In her portfolio for Document S/S 2019, the artist layers and collages fabrics in a movement toward black beings existing without compromise.
Harlem-born artist Tschabalala Self possesses the rare quality of being keenly sensitive to the impact of environment and the way it shapes human social behavior. Self creates and positions black figures to serve as a decoding device of circumstance, allowing each individual perspective to speak to the community from which it has derived. Her empathetic and intellectual density guides the creation of a black universe assembled with great distance from white ideology.
Both Self and her subjects communicate a disregard for the white gaze in its limited linear imagination. Her subjects’ solemn eyes never peer directly into you; they are indifferent, averted, or looking only to one another. They’re in avoidance of your voyeuristic gaze, which has made spectacles of the black body for centuries—from Serena Williams to Saartjie Baartman, a South African Khoikhoi woman who was touted across Europe in a 19th-century “freak show” as the Hottentot Venus.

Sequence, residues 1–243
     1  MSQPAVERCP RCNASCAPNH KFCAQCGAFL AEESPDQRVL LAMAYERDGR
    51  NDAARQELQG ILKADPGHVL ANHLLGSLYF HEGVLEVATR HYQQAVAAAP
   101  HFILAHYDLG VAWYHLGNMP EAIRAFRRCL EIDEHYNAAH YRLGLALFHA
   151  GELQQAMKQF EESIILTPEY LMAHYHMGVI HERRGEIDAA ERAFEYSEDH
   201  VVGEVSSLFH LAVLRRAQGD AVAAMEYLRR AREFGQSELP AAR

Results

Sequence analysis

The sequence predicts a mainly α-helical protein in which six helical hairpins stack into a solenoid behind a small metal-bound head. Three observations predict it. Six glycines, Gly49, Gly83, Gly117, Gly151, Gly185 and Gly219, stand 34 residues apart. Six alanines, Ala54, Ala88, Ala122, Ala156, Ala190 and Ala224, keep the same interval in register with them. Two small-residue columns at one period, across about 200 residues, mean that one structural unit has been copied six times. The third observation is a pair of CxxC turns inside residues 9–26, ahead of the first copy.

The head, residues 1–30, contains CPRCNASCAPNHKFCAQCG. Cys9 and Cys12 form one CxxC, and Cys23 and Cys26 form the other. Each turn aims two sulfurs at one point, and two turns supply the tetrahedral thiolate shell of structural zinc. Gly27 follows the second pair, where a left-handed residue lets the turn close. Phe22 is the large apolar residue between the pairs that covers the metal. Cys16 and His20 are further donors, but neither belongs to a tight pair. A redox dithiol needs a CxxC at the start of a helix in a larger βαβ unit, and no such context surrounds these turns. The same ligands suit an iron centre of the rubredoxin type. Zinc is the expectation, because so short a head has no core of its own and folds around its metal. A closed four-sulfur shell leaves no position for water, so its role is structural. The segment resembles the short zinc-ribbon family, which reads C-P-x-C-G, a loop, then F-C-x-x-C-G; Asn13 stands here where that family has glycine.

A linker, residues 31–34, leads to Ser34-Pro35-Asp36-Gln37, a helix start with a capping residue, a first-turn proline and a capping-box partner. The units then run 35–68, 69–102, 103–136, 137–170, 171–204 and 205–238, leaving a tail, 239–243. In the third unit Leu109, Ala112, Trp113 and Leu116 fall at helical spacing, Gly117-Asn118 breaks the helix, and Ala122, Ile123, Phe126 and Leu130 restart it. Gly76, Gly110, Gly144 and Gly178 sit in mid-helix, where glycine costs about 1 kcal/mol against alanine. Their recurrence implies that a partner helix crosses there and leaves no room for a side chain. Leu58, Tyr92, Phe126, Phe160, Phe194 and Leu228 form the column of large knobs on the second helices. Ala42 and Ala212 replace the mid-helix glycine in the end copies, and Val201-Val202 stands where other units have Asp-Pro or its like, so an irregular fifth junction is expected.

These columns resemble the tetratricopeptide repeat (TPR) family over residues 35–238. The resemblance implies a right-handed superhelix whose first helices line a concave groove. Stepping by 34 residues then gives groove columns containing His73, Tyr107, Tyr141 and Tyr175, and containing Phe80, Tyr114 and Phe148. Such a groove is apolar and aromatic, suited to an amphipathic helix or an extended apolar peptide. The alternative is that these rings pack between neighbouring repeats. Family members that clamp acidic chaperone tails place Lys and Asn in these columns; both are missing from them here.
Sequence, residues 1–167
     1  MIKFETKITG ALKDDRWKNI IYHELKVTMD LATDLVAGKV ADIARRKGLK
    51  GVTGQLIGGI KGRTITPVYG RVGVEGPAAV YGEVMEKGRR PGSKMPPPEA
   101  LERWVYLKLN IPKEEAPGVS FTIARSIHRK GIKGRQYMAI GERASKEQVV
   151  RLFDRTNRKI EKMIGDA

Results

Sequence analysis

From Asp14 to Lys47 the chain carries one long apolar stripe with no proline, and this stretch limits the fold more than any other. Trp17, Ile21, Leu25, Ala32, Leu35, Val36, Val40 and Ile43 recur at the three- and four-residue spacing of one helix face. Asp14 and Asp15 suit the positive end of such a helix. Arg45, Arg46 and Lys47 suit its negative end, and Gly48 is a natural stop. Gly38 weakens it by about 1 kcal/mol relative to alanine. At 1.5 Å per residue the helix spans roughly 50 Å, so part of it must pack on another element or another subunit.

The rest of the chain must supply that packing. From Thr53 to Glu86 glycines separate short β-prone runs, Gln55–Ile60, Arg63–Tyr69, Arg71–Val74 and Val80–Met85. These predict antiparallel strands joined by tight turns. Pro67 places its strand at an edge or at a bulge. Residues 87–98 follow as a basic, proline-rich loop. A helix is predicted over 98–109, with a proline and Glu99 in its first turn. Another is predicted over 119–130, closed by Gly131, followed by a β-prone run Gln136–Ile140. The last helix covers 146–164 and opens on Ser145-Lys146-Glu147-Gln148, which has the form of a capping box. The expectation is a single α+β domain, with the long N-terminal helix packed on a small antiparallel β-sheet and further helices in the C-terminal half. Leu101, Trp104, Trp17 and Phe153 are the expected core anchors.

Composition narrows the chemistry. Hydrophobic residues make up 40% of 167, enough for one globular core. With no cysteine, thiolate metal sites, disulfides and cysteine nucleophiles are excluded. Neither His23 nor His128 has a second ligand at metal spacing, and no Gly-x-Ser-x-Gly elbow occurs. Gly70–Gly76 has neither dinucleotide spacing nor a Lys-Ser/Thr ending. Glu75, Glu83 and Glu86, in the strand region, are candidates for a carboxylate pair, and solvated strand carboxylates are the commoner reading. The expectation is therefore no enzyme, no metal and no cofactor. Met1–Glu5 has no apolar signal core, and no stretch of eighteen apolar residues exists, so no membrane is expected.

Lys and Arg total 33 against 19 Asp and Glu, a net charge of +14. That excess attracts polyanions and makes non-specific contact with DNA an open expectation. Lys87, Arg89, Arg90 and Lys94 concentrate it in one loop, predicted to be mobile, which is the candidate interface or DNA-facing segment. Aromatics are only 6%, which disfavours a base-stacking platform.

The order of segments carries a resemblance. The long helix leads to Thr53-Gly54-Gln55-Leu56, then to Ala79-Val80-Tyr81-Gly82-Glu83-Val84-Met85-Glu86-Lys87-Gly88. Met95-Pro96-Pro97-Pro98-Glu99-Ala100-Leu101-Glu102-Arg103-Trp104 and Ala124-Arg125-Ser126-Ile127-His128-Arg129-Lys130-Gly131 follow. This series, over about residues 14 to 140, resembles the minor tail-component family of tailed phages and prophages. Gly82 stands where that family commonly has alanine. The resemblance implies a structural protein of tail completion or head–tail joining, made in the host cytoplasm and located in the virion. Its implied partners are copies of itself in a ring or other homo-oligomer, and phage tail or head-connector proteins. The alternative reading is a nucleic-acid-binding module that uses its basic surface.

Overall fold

Self’s figures play with hypersexualization as a tool that forces the viewer to ask oneself: What is my relationship to black sexual fantasy? They are not dainty or faint beings. They are heavy and deliberate and delicate at once—always firmly grounded, unless being propped up by a black woman, demonstrating the endless labor black women have endured in the Americas and beyond.
But past the fat ass and full lips there is much more to discover, and these levels can be disorienting to those not familiar with the multiplicity that blackness holds. Self’s layering and collaging of cottons with threads hanging bare like the lace-trimmed slip of a sister in church on Sunday tells the story of beauty resting within the crevices of imperfection. These suspended threads shift like poetry, revealing humanity and the will to persevere in spite of circumstance. The composite mix of terrains—steep slopes along the lower back, sharp turns around cheek bones and curved nostrils—maps the intricacy of the black aesthetic.
These contemporary beings are not Self’s signal toward a post-racial world, but a movement toward black beings existing without compromise. That is, the freedom to just be.